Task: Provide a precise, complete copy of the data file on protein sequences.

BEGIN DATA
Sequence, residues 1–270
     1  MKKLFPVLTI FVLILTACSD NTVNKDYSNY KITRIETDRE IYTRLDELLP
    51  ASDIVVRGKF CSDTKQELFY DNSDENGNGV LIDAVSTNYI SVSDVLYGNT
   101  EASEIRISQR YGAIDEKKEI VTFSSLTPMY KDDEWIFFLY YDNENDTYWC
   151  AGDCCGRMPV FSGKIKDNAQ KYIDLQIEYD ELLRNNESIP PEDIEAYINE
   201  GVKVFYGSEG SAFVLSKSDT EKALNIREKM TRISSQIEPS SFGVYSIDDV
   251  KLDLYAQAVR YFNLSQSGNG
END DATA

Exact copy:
Sequence, residues 1–270
     1  MKKLFPVLTI FVLILTACSD NTVNKDYSNY KITRIETDRE IYTRLDELLP
    51  ASDIVVRGKF CSDTKQELFY DNSDENGNGV LIDAVSTNYI SVSDVLYGNT
   101  EASEIRISQR YGAIDEKKEI VTFSSLTPMY KDDEWIFFLY YDNENDTYWC
   151  AGDCCGRMPV FSGKIKDNAQ KYIDLQIEYD ELLRNNESIP PEDIEAYINE
   201  GVKVFYGSEG SAFVLSKSDT EKALNIREKM TRISSQIEPS SFGVYSIDDV
   251  KLDLYAQAVR YFNLSQSGNG